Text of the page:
Morphology and Homology of the Chiropteran Calcar, with Comments on the Phylogenetic Relationships ofArchaeopteropus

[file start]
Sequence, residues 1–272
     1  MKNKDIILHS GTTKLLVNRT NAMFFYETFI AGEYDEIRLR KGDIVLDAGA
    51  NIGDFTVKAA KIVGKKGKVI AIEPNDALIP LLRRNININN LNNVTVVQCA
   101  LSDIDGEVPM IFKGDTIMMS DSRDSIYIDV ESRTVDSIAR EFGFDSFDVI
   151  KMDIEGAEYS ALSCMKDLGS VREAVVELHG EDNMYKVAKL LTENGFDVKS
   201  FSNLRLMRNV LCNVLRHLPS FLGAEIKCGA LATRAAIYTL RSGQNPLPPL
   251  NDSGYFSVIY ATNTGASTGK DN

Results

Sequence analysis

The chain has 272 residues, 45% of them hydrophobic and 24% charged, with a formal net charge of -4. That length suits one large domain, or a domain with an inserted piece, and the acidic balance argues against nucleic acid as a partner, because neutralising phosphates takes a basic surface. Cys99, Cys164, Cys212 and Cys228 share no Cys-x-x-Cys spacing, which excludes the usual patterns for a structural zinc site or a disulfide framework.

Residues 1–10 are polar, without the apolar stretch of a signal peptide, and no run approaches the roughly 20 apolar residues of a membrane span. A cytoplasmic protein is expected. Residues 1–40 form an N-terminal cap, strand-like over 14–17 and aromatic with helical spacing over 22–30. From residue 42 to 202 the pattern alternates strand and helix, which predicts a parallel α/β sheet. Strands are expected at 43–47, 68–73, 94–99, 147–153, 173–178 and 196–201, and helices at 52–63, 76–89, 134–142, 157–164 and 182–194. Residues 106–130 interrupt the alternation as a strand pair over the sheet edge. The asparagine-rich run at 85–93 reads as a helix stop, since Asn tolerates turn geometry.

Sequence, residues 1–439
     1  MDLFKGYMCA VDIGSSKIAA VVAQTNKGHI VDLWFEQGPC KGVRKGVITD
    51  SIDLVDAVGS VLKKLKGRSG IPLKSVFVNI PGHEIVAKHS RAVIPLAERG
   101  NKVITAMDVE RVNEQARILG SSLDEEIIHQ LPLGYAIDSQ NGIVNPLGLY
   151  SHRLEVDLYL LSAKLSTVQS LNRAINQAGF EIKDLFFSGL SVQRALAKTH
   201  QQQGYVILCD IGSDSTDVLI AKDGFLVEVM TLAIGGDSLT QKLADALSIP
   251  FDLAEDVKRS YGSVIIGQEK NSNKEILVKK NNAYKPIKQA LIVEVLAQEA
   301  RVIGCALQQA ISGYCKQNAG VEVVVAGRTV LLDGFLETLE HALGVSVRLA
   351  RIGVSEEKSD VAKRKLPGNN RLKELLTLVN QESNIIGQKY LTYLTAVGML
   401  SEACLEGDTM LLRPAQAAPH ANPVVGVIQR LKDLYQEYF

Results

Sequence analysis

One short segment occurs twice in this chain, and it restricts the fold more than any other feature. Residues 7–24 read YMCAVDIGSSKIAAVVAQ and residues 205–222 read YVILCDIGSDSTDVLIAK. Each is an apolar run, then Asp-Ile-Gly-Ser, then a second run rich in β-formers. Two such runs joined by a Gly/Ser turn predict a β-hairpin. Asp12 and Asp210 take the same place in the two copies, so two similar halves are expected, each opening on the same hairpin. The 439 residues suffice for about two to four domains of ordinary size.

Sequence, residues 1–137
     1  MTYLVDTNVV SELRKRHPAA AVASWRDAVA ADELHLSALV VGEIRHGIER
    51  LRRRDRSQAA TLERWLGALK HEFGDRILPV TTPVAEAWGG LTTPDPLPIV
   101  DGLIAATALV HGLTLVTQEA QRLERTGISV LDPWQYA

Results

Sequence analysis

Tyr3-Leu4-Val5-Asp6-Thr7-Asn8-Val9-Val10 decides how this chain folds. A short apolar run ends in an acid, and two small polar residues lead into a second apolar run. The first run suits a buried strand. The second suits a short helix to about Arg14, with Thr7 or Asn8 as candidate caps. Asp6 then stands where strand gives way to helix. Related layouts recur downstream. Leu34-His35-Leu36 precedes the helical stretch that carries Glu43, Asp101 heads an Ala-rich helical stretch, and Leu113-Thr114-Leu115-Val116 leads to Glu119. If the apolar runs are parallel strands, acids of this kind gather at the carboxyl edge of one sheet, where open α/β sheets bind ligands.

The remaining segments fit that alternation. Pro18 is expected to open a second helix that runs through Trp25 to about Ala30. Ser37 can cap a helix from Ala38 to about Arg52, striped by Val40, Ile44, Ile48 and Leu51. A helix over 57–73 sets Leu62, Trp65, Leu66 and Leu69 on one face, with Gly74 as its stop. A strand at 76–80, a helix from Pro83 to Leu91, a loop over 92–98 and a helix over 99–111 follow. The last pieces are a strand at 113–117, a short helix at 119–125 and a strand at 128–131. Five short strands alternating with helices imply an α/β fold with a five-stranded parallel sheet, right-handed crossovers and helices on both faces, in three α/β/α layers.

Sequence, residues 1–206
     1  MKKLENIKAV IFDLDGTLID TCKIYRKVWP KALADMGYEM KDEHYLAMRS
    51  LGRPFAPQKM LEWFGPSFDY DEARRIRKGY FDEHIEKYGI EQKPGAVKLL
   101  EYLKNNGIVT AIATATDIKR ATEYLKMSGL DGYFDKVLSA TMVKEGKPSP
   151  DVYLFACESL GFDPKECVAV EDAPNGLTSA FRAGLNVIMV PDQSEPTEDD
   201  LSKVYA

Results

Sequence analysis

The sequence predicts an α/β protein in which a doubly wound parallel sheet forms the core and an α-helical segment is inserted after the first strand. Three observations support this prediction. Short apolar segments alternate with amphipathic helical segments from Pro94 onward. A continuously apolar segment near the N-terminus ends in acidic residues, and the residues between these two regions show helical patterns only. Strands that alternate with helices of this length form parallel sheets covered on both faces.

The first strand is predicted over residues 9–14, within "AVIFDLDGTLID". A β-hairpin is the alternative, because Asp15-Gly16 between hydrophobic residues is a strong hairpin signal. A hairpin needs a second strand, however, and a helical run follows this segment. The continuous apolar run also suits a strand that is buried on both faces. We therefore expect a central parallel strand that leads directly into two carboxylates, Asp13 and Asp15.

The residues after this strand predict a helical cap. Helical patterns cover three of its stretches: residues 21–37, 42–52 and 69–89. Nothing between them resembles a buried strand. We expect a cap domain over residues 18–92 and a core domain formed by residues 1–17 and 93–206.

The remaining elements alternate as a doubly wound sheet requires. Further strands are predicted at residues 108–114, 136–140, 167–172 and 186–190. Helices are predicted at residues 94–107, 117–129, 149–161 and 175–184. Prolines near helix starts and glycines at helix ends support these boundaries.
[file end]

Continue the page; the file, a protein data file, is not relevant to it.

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Most researchers have considered the calcar to be a unique and homologous structure within Chiroptera (e.g., the presence of this structure and its associated musculature has been cited as a synapomorphy supporting bat monophyly). However, we report that significant morphological variation exists between Microchiroptera and Megachiroptera. In microchiropterans, a calcified or cartilaginous element articulates directly with the calcaneal tuberosity of the ankle and projects into the uropatagium. In megachiropterans, a cartilaginous structure projects from the tendon of the gastrocnemius muscle into the uropatagium and has no articulation with the calcaneal tuberosity. Considerable variation also exists in the musculature associated with these structures. Phylogenetic interpretation of hindlimb morphology of extant and fossil taxa indicates that the calcar may not be homologous in all bats. We suggest retention of the term “calcar” for the microchiropteran structure and propose a new term, “uropatagial spur,” for the megachiropteran structure. The fossil bat Archaeopteropus transiens (Oligocene) has long been presumed to be a megachiropteran; however, this form has a microchiropteran-type calcar. Reconsideration of morphological evidence from this and previous studies indicates that Archaeopteropus is not a megachiropteran but, rather, a basal member of the microchiropteran lineage.

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